9. A digital adder module according to claim 8 wherein said summing means includes: N nodes N1 thru NN that are serially intercoupled through respective channels of N-1 transistors T1 thru TN-1, voltage propagate means for turning-ON transistor Ti when Ai =Bi with i ranging from 1 to N-1, voltage generate means for generating a high voltage on node Ni if Ai =Bi =1 and for generating a low voltage if Ai =Bi =0 where i ranges from 1 to N, and EXCLUSIVE-OR means coupled to said nodes of said summing means and decoupled from said nodes of said quasi-carry means, which generates said sum bits.
10. A digital adder module according to claim 9 wherein said carry-in terminal is coupled to said node N1 of said summing means by said single logic gate.
11. A digital adder module according to claim 10 wherein said single logic gate is a NMOS inverter.
12. A digital adder module according to claim 10 wherein said single logic gate is a CMOS inverter.
13. A digital adder module according to claim 10 wherein N ranges from three to nine.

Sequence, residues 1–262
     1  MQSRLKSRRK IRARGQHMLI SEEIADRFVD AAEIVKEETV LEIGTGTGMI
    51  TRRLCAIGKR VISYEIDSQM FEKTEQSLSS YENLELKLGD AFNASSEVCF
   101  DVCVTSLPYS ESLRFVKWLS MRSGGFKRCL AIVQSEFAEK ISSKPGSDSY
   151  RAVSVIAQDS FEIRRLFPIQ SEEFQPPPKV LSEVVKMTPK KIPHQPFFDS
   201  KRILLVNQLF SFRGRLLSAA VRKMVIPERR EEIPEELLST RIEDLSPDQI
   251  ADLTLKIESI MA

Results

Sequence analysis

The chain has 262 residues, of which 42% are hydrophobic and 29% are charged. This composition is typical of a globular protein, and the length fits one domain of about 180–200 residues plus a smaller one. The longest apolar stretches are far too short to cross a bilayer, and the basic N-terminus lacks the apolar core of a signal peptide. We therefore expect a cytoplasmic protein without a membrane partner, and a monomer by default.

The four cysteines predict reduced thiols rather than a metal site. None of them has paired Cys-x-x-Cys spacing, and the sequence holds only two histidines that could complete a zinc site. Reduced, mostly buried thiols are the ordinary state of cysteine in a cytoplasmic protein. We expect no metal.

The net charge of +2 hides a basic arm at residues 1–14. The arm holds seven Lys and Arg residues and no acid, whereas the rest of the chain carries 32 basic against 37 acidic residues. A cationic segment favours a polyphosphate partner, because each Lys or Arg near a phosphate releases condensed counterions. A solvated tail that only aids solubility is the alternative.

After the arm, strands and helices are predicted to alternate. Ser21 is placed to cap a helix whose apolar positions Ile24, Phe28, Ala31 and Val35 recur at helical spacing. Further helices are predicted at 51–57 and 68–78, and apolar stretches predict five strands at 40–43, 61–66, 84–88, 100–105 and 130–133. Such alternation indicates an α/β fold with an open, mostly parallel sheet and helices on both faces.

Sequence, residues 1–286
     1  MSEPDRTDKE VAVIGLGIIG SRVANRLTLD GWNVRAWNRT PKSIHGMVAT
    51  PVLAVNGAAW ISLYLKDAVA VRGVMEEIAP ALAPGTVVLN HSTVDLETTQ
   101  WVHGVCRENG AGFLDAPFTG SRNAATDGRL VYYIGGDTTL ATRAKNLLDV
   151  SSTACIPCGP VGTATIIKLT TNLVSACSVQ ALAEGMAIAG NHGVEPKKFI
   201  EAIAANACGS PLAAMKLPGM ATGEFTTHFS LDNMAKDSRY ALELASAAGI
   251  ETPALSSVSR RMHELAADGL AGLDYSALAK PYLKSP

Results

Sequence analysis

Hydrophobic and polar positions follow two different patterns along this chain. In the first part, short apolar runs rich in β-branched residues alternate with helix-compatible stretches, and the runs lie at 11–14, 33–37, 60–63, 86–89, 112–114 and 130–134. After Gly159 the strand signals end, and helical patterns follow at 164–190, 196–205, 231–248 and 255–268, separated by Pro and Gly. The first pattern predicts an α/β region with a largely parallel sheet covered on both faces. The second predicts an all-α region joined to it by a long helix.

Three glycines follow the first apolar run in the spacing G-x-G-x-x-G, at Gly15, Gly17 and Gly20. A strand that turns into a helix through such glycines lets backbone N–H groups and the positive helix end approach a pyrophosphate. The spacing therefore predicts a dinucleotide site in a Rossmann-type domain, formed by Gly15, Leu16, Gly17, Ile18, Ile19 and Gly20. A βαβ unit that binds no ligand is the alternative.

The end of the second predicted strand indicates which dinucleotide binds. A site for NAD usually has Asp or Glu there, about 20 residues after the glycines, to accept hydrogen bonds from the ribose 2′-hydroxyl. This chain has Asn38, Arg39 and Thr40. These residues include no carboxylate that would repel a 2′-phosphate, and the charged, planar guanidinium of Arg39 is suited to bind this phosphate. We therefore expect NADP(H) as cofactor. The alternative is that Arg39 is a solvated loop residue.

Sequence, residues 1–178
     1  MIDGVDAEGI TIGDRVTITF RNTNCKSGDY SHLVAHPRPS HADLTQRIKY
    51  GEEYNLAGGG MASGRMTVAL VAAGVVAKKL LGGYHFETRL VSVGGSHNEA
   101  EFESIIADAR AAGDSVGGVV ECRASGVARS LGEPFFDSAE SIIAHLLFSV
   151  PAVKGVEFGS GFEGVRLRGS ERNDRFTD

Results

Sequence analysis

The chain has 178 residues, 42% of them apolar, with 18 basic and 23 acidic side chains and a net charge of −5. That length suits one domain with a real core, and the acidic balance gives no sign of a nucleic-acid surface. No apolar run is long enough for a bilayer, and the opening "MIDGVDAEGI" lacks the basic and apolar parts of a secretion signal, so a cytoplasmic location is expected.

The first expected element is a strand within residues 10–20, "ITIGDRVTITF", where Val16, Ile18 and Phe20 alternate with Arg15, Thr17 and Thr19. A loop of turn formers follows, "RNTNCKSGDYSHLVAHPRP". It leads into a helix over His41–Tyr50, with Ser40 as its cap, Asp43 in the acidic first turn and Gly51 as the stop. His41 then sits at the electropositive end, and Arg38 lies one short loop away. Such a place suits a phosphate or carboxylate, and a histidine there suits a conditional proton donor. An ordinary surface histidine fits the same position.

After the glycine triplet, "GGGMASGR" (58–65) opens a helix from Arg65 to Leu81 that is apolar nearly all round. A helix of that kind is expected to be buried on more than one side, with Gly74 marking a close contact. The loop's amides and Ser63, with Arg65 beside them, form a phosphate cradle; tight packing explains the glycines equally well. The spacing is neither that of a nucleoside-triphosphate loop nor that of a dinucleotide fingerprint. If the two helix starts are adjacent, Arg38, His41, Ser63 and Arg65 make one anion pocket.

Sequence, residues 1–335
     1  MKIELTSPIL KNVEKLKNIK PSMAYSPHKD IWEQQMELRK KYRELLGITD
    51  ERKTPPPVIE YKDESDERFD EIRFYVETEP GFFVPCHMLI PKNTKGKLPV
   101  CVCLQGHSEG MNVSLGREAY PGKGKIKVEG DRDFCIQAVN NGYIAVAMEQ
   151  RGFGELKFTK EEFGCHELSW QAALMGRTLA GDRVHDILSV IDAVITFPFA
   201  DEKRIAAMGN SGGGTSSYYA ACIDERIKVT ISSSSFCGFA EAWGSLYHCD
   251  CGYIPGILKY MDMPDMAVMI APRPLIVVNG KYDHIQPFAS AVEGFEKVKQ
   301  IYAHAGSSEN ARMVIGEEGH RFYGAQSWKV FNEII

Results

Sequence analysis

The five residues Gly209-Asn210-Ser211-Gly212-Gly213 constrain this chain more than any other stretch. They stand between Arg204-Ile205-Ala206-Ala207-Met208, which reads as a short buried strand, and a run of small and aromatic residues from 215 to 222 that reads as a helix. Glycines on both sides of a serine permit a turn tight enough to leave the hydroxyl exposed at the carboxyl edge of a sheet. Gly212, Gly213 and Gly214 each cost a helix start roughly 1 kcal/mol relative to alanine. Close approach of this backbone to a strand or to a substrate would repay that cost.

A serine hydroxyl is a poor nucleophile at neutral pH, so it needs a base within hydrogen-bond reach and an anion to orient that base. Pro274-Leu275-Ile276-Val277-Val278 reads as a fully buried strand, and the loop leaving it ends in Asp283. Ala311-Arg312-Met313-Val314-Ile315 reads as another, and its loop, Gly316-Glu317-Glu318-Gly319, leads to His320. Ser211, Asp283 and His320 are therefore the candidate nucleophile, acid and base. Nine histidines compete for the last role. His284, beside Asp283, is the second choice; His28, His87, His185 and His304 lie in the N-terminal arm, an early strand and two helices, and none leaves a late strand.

14. A digital adder module according to claim 1 in combination with multiple other digital adder modules, each of which is structured in accordance with claim 1; and, all of said modules being arranged in a series with the carry-out terminal of all but the last module in said series module being connected through a respective inverter to the carry-in terminal of the next module in said series.
15. A digital adder module in combination with multiple other digital adder modules according to claim 14 wherein each instance of said single logic gate and each instance of said respective inverter is an NMOS inverter.
16. A digital adder module in combination with multiple other digital adder modules according to claim 14 wherein each instance of said single logic gate and each instance of said respective inverter is an CMOS inverter.
17. A digital adder module in combination with multiple other digital adder modules according to claim 14 wherein N in each module ranges from three to nine.
Description
BACKGROUND OF THE INVENTION